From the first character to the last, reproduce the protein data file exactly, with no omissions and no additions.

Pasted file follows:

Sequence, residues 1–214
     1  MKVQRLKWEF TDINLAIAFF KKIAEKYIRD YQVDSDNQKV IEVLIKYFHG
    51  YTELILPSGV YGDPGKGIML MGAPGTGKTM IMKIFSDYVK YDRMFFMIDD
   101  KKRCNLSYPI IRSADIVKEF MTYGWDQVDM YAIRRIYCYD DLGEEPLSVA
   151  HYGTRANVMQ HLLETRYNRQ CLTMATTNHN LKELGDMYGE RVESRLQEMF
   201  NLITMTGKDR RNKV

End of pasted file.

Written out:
Sequence, residues 1–214
     1  MKVQRLKWEF TDINLAIAFF KKIAEKYIRD YQVDSDNQKV IEVLIKYFHG
    51  YTELILPSGV YGDPGKGIML MGAPGTGKTM IMKIFSDYVK YDRMFFMIDD
   101  KKRCNLSYPI IRSADIVKEF MTYGWDQVDM YAIRRIYCYD DLGEEPLSVA
   151  HYGTRANVMQ HLLETRYNRQ CLTMATTNHN LKELGDMYGE RVESRLQEMF
   201  NLITMTGKDR RNKV